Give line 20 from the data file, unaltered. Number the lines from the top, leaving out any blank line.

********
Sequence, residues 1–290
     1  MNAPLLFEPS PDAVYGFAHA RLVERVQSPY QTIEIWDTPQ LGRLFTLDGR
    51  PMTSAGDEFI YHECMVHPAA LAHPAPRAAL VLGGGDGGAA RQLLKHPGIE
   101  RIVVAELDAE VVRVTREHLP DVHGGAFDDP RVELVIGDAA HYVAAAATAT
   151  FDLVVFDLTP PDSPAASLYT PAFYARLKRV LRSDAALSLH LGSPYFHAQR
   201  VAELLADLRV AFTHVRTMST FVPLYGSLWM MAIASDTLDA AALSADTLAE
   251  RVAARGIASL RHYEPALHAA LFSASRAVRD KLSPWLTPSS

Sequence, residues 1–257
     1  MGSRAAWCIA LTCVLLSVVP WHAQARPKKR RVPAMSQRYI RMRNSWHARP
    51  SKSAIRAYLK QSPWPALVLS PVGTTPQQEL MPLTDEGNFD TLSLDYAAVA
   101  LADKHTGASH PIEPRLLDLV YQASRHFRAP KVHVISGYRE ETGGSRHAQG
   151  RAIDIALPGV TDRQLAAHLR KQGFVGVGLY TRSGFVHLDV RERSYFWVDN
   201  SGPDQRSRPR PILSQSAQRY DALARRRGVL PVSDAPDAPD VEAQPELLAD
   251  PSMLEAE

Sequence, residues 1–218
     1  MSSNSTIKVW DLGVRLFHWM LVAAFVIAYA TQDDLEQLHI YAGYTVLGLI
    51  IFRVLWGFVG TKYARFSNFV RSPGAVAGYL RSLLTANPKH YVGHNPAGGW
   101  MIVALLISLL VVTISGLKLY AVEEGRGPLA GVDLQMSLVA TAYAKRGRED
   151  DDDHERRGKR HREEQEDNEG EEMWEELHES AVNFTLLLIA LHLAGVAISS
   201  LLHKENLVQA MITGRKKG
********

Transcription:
   201  LLHKENLVQA MITGRKKG